It was a beautiful service. My sister and I sat either side of my mom and I am glad that we were there for each other because there were emotional times. My sister had an idea to put a collection of photos together of his life on the screen before the service and it was a special background to watch.
John, a man who worked with my father for the longest time, gave an amazing eulogy just about how my dad was a man full of integrity and mentioned an incident when he sent back items to the supplier when they sent too many. How he would rather go into debt than fire people in hard times. He was very emotional and I know that they had a strong bond.
My sister spoke many of the things she had already said to my dad but they were special childhood memories. Here’s an extract:
I have a strong memory of sitting in the corner of the garage in Summerstrand watching my dad work on his wood working machines. I remember the smell of the wood as he worked. I remember the feeling of being very content to just be with him, which is probably one of the most valuable things that he offered to me- his consistent, predictable, trusting presence and the understanding that he was patient, kind, fair and made a point to look for the good in people.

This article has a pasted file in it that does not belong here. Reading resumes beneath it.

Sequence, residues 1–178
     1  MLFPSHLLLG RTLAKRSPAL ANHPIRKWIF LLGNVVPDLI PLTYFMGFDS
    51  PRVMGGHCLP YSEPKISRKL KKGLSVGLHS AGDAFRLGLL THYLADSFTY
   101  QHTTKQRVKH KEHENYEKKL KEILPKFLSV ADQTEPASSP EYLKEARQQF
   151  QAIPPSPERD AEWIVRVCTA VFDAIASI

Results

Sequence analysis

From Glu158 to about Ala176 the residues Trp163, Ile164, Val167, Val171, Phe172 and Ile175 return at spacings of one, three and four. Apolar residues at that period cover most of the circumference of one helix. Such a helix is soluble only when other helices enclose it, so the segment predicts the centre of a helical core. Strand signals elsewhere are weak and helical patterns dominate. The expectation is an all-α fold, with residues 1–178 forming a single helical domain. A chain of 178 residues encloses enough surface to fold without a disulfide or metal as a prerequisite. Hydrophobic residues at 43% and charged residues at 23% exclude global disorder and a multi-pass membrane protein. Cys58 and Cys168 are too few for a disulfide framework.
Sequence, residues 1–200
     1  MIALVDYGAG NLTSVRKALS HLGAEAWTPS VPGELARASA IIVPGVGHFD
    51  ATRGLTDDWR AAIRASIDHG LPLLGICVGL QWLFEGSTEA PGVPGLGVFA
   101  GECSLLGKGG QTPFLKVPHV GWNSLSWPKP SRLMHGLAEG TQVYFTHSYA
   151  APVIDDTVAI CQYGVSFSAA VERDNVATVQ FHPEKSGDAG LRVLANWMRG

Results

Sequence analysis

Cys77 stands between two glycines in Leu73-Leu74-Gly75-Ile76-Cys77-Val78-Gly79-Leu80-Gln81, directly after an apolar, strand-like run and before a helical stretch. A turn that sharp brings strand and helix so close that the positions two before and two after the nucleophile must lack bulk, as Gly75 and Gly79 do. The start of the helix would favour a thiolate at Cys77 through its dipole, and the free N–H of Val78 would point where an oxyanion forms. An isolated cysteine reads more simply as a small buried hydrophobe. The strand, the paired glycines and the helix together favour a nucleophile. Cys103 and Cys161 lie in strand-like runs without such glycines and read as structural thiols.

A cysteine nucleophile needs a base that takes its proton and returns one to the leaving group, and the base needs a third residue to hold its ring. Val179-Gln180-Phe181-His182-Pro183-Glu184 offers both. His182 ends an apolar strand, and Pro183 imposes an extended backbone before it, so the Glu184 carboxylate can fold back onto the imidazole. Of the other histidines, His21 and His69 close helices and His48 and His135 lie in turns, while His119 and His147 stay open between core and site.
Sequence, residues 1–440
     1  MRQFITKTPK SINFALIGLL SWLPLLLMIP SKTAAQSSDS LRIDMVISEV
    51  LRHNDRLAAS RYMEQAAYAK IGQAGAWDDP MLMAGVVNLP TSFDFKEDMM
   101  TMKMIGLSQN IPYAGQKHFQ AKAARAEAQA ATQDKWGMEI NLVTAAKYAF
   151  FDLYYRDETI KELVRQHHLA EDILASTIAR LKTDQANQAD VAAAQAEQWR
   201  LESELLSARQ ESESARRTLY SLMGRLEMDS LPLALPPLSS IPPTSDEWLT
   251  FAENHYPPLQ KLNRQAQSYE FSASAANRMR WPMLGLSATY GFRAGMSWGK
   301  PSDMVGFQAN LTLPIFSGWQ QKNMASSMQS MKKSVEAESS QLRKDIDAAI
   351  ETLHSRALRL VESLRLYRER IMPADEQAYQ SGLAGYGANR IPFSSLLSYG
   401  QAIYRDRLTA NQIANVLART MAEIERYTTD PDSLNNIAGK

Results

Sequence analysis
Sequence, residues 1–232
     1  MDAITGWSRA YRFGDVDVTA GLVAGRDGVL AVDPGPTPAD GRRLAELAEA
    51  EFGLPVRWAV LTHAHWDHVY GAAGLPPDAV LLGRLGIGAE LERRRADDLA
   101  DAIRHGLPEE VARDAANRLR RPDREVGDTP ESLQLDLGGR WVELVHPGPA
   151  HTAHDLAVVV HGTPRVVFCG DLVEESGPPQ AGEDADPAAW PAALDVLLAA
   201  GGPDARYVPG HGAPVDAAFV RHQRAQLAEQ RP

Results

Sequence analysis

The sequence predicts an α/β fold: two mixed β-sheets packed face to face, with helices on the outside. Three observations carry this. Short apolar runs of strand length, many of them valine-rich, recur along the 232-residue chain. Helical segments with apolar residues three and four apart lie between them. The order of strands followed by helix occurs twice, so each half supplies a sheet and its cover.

I think that it’s easier for me to appreciate the value of just being in God’s presence, to enjoy Him and to worship Him and to feel loved because of my dad.
I did the word of thanks and made a point of thanking everyone who had helped during the time he had been injured and then listed all the categories of people rather than names. We thanked friends, neighbours, family, the church, my dad’s cell group, the Marriage Encounter spiral, Strand Hardware – staff, dealers, suppliers, the hardware community and customers, PE Woodturner’s Guild, woodworkers, cyclists, hikers, La Leche League, Hospice, Tai Chi and last but certainly not least the carers who made a difference in his life in his last days.
We had the lovely hymns which my mom chose (Immortal Invisible God only wise, and Now thank we all our God). Claire gave a lovely sermon using the verse that father lived by and maintained that this was all there really was to life: